Kirkus Reviews concluded: "Despite its provocative title, a scientific yet superbly compassionate exposition."[13] The book received praise from sexual behavior scientist Simon LeVay,[13] from sex-differences expert David Buss,[3] and from research psychologist Steven Pinker, who wrote: "The Man Who Would Be Queen may upset the guardians of political correctness on both the left and the right, but it will be welcomed by intellectually curious people of all sexes and sexual orientations."[14][15] It also received praise from Forbes magazine's Daniel Seligman[16] and from Mark Henderson at The Times.[17] Conservative commentator John Derbyshire said: "a wealth of fascinating information, carefully gathered by (it seems to me) a conscientious and trustworthy scientific observer."[18] It also received a positive review from writer Ethan Boatner[13] of Lavender magazine and Duncan Osborne in Out.[19] Research psychologist James Cantor also wrote a positive review of the book in the newsletter of APA's Society for the Psychological Study of Lesbian, Gay, Bisexual, and Transgender Issues (Division 44).[20] Alice Dreger, Northwestern University professor of clinical medical humanities and bioethics, also praised the book, stating that "plenty of gay and transgender people" who had read the book, saw it as accurate and "wonderfully supportive of LGBT people".[21]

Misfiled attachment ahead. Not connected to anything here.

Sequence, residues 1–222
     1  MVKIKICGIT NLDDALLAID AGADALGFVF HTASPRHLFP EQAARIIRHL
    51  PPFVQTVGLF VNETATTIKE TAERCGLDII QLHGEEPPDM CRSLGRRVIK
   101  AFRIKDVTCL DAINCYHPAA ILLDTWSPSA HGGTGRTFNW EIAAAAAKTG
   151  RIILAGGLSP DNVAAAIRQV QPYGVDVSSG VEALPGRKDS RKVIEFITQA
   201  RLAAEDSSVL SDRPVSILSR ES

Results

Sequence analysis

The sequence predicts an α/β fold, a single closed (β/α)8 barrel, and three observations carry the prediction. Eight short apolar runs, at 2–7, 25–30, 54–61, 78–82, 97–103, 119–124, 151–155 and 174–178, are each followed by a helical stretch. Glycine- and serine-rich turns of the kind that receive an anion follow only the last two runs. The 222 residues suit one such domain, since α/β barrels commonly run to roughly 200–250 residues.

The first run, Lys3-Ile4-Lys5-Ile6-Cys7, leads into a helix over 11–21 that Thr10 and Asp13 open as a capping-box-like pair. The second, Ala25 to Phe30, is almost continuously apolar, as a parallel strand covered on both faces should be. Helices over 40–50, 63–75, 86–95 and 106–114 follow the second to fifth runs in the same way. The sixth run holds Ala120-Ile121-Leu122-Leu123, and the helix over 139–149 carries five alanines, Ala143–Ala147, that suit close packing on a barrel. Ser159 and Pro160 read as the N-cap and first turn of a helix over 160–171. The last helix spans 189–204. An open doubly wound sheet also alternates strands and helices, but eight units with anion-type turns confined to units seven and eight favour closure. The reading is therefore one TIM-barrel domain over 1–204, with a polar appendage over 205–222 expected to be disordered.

In December 2003, the Southern Poverty Law Center (SPLC) reported that many of the early supporters of Bailey's book, including Ray Blanchard, were members of the Human Biodiversity Institute.[22]

Negative reactions[edit]

The public response of members of the transgender community was almost entirely negative.[3] Among other things, they opposed the book's endorsement of Blanchard's taxonomy of male-to-female transsexualism,[23] and its publication by the National Academies Press, by whom it was "advertised as science"[24] and marketed as "scientifically accurate,"[25] which they argued was untrue. They also claimed the book exploited children with gender dysphoria.[11] Among those criticizing the book were computer scientist Lynn Conway,[26] biologists Joan Roughgarden[25] and Ben Barres,[27] physician Rebecca Allison,[28] economist Deirdre McCloskey,[29] psychologist Madeline Wyndzen, writers Dallas Denny,[30] Pauline Park,[31] Jamison Green,[32] and Andrea James,[33] as well as Christine Burns of Press for Change, and Executive Director Monica Casper of the Intersex Society of North America.[34] James, a transgender advocate, attacked Bailey by constructing a website with pictures of Bailey's children taken from his public website beside sexually explicit captions.[11]

Negative responses also came from outside the transgender community. Liza Mundy of The Washington Post thought the book was exceptionally dull despite the potentially interesting topic.[35]